• Its just a constant struggle to figure out if I should make 87 different classes so I don’t have to worry about the things above (except SO MUCH CLICKING AND WAITING) or if I should consolidate and track, say, all three kids math in one lesson thingy and try to untangle it when it inevitably gets confused.
  • It’s just unusable on a phone. I’ll have to see if it works well on a Kindle now that I got myself a new one.

Anyway, these things bug me, but it’ still the best tool for the job. Well… I haven’t tried other homeschooling planners recently. I did a few years ago and just didn’t like them. Maybe they’ve changed.


Well, I know we watched some shows and read Harry Potter 2, but I have nothing else written down, even though I know we did stuff.


  • Great Backyard Bird Count. We used iBird to identify species and eBird to record them. It’s really easy to use eBird to make running lists of the birds you see. And it’s for science!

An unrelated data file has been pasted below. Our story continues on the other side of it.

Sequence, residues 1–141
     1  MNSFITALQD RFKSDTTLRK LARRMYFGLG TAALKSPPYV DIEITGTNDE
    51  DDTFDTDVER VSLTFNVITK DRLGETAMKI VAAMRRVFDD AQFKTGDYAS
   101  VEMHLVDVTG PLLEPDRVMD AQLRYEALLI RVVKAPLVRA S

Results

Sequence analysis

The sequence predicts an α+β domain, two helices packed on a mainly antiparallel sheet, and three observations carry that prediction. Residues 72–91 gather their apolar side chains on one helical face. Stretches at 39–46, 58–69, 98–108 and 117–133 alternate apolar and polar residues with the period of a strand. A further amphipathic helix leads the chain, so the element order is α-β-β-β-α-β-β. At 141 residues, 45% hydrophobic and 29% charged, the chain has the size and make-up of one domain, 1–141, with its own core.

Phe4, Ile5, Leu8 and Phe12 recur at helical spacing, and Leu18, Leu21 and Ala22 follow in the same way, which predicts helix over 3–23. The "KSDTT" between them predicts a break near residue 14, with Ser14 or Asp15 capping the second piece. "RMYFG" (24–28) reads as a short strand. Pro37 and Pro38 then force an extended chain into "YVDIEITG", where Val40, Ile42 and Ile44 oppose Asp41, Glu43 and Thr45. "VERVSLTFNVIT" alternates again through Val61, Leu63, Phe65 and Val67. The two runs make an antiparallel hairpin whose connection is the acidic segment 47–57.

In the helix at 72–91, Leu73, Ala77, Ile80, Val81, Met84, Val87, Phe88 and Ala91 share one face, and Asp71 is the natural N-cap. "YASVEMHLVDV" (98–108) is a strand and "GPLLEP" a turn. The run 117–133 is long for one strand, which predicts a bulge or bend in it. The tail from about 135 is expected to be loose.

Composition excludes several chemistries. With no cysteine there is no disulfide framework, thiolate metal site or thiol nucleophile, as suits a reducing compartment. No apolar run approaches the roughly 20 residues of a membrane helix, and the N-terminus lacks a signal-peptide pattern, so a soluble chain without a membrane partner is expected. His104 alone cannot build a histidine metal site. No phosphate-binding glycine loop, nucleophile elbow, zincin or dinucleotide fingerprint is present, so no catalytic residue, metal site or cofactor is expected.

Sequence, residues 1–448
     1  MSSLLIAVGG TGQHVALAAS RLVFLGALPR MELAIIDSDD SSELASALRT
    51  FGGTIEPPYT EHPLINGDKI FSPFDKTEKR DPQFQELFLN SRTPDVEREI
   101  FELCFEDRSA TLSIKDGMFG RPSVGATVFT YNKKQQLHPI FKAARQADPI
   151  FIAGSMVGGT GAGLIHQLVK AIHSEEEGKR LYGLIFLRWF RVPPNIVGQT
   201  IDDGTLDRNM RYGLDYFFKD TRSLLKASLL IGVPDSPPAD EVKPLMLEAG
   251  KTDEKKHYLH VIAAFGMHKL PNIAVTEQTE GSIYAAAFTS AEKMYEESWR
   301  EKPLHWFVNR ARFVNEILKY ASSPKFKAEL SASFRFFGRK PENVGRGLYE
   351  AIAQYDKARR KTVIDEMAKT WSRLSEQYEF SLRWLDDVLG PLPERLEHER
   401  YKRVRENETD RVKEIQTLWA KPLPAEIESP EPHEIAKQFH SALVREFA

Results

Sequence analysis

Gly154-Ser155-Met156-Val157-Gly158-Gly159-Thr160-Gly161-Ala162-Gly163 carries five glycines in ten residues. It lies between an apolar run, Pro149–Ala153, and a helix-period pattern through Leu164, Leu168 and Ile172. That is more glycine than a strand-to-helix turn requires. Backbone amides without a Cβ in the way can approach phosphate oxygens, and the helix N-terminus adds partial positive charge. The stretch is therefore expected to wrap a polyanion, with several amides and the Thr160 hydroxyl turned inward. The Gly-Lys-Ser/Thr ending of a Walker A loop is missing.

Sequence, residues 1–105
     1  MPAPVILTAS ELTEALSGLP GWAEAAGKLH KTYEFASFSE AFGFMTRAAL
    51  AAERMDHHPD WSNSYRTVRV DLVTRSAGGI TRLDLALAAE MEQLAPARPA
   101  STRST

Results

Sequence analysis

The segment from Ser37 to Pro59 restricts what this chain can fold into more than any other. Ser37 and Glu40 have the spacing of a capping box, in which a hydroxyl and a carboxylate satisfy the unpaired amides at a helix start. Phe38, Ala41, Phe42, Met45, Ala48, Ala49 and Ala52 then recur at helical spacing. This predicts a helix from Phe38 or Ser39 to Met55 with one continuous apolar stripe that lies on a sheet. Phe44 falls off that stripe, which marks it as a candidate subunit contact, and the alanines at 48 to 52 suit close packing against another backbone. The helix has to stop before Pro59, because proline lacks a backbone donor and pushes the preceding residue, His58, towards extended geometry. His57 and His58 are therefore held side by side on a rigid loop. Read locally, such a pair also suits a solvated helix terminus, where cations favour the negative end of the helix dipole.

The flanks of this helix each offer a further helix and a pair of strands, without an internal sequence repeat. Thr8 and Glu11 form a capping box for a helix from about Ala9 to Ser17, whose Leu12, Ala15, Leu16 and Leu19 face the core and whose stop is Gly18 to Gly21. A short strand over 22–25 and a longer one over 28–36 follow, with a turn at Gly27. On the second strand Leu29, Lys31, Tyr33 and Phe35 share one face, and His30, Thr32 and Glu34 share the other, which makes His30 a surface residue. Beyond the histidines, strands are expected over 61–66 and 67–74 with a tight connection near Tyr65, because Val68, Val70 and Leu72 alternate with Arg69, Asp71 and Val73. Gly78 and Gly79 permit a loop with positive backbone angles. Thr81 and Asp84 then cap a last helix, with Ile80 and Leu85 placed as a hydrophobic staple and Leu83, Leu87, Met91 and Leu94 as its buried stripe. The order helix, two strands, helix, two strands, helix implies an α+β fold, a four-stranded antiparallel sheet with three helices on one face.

• How irises work.
  • How sound waves are different from light waves.
  • Space X launch — watching that rocket land again was just crazy!
  • Tried to watch the Okeanos dive, but it kept having problems.


  • Charles Lindbergh and 1920’s France.
  • I think we didn’t manage to read a chapter this week due to all the other crazy stuff going on. But who knows! Yep, going back to the old planner…


This was a great week for music:

  • Singing in the car (of course).
  • Solas concert
  • The kids all picked instruments that they actually want to play! We’re forming a band! A really…. weird… band!
    • Kid #1 grabbed an alto saxophone after his sister said it looked the most steampunk.
    • Kid #2 chose violin, the instrument she’s been begging to play for years. So we rented her a cute little half size version.
    • Kid #3 chose piano… sort of. She’s so far resisting learning how to play other than what she wants to do. She also toodles around on the penny whistle and the harmonica.
    • I play clarinet. It’s nice to play it again after all these years. I’m hoping to learn a little violin and piano along with the kids.
    • Their dad’s been learning the guitar for a few years now, too.

Like I said. I really weird band.


Um. I have nothing written down. There’s always the ongoing struggles each individual kid deals with. And bedtime.